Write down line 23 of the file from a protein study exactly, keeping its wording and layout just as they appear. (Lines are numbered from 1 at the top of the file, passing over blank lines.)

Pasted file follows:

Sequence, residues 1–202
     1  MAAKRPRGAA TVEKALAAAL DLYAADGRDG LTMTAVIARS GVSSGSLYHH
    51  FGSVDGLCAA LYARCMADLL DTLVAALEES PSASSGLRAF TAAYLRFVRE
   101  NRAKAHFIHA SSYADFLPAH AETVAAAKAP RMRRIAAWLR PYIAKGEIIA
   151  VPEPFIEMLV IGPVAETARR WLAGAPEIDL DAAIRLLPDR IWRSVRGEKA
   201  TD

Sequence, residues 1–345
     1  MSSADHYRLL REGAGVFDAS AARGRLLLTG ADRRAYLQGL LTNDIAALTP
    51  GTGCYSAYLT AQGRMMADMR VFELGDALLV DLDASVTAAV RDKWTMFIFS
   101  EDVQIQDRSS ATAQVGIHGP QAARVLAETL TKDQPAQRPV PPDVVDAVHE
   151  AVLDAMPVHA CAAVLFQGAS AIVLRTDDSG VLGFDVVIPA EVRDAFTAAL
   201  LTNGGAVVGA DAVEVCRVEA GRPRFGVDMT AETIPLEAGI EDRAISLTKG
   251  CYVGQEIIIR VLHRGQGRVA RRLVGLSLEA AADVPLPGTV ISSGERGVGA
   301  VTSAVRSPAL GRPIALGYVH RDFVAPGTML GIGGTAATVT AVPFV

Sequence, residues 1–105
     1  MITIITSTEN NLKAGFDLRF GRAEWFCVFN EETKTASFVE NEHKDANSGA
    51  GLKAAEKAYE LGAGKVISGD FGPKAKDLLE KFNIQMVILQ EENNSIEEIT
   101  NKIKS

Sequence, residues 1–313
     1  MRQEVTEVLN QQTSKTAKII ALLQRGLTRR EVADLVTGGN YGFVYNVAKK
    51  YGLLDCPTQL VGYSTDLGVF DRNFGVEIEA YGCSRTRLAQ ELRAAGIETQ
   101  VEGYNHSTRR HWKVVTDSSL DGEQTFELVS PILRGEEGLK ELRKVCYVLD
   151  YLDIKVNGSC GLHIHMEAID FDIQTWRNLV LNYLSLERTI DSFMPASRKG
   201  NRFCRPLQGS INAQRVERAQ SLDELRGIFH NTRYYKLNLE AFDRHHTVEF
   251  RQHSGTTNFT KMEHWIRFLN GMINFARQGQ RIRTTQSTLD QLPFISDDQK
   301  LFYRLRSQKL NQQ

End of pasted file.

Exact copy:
   151  YLDIKVNGSC GLHIHMEAID FDIQTWRNLV LNYLSLERTI DSFMPASRKG